By Dr. Joanne Intile
A curious headline popped up along my Twitter feed the other day: “Could Dogs Sniff Out Thyroid Cancer?” I read the words and paused a few seconds, contemplating taking the bait before opening the link.
Convinced I would be disappointed in what I was about to read, I contemplated how a dog could be able to detect cancer given the complex nature of the disease and how troubling it is to uncover even under the best of circumstances. I figured the title was just a catchy way to drive readers to an advertisement for something completely banal like air fresheners.
One the other hand, what if it were true? What if dogs were really able to pick up on the subtlest of changes in our biochemistry, leading them to distinguish those of us with disease from those without? What if doctors could somehow capitalize on a dog’s powerful sense of smell and bypass the need for invasive diagnostics? How remarkable would that be?
I clicked the link.
To my surprise, the sensational headline was completely legitimate. In early March 2015, during the 98th annual meeting of the Endocrine Society, a group from the medical school of the University of Arkansas presented a research abstract entitled “Scent-Trained Canine Prospectively Detects Thyroid Cancer in Human Urine Samples.”
As if that weren’t fascinating enough, this presentation was actually a follow up to a previous study by the same group that demonstrated that dogs could reliably discriminate between urine samples obtained from patients already diagnosed with either metastatic thyroid cancer or benign thyroid disease.
What I wouldn’t have given to be a fly on the wall during that conference just to listen to this fascinating topic!
In the study, a single dog (which an unconfirmed source reports is a German shepherd mix named “Frankie”) was trained to either lie down when he detected the presence of papillary thyroid cancer (PTC) in the urine sample, or turn away or do nothing if the sample was ‘clear.’
Urine was collected from 59 human subjects who presented for evaluation of one or more thyroid nodule(s) suspected to cancerous. In the meantime, Frankie was “imprinted with urine, blood, and thyroid tissue obtained from multiple patients with PTC, and trained over 6 months to discriminate between PTC and benign urine samples.”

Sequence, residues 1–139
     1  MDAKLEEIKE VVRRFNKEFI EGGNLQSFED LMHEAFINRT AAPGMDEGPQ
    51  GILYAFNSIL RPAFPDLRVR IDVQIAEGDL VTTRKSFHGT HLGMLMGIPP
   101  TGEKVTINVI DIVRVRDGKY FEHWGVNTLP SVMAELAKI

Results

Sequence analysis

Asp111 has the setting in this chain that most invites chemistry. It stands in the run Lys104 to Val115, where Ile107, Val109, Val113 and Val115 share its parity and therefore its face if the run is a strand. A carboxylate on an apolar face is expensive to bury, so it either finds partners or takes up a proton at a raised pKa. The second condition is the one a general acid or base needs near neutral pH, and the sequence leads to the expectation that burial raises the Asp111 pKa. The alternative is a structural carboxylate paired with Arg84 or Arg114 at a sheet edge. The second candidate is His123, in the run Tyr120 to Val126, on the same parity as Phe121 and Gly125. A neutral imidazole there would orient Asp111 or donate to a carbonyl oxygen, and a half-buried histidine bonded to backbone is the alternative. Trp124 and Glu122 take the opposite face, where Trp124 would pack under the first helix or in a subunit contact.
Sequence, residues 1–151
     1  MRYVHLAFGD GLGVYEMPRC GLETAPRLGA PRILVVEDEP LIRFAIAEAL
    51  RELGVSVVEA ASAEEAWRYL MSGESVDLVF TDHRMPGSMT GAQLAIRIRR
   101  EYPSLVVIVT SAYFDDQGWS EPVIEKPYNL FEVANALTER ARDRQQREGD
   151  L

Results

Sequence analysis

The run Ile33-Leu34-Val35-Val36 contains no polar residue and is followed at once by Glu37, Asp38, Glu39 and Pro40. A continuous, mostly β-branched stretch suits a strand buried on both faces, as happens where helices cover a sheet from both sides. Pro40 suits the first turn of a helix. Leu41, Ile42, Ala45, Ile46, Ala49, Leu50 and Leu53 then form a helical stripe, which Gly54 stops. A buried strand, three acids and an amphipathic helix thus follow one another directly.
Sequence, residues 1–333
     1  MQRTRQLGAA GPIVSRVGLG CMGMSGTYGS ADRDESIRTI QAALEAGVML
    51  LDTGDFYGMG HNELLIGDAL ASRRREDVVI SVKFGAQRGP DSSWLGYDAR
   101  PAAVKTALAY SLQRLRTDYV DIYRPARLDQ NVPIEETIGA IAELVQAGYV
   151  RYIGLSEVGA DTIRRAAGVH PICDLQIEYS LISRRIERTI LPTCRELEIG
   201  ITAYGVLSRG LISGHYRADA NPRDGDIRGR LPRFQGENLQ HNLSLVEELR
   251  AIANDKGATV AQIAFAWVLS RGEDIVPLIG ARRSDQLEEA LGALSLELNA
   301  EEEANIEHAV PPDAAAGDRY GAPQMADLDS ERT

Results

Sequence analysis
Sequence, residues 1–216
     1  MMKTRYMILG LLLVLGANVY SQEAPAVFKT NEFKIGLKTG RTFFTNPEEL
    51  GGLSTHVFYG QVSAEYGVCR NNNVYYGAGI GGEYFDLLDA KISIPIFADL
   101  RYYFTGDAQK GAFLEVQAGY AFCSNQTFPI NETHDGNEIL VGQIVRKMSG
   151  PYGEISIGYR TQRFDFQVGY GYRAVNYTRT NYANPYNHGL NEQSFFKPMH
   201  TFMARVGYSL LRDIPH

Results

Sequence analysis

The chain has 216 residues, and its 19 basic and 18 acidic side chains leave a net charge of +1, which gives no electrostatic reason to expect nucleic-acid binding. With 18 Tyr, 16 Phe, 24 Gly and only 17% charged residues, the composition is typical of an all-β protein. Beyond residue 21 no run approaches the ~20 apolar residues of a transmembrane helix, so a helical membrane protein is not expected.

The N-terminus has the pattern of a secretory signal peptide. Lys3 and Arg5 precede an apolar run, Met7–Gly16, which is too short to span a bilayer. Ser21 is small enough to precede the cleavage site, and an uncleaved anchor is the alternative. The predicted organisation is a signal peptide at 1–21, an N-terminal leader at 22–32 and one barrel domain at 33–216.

During the experiments, a gloved handler, lacking information about the diagnosis of the person providing the sample, presented Frankie with the urine samples. Frankie sniffed the samples and responded with the cues above. The handler verbally communicated Frankie’s response to a blinded study coordinator. Control samples (both cancerous and benign) were interspersed with the unknown samples and Frankie was rewarded with positive reinforcement when his answer was correct.
Frankie’s diagnosis matched the final surgical pathology diagnosis in 24 out of 27 cases (92.3% correct, 2 false negatives and 1 indeterminate), yielding a sensitivity of 83.0% (10/12) and specificity of 100% (14/14). Not too shabby for a four-legged ball of fur that never graduated more than a basic puppy training class!
In all seriousness, the most fascinating aspect to me is that the researchers have no idea what the dog actually smells to trigger the response. There clearly must be a chemical present that is excreted by affected individuals. However, research thus far has failed to identify this particular biomarker.
Much energy and effort in medicine is spent on early disease detection and veterinary oncology is gaining much ground in this aspect of medical care. We routinely recommend preventive screening diagnostics in order to discover illness at an earlier stage. We model our testing algorithms off those presented to our human counterparts.
But what if the reality is that we simply need to learn how to listen to our animals in a different way to understand their capacity for communication about their health?
Veterinarians lament the lack of ability to communicate with our patients and their inability to tell us where it hurts. It seems maybe we just need to heed their warnings a little harder.
The old wives tale of a cold, wet nose indicating a healthy pet may not be as farfetched as we presume. How wonderful would it be if man’s best friend were also the best advocate for not only their health, but for that of their owner?
I suppose maybe Frankie’s nose knows the best answer to that question.
Oregon Veterinary Specialty Hospital (OVSH) has been serving the Portland and Beaverton area community since 1979. Drs. Steven F. Skinner (Neurology, Neurosurgery) and Robert T. Franklin (Internal medicine.) We welcome referrals from veterinarians all over the Pacific Northwest. Our goal is to help your pet regain health and live a long and happy life.
Oregon Veterinary Specialty Hospital
9339 SW Beaverton Hillsdale Hwy,
Beaverton, OR 97005.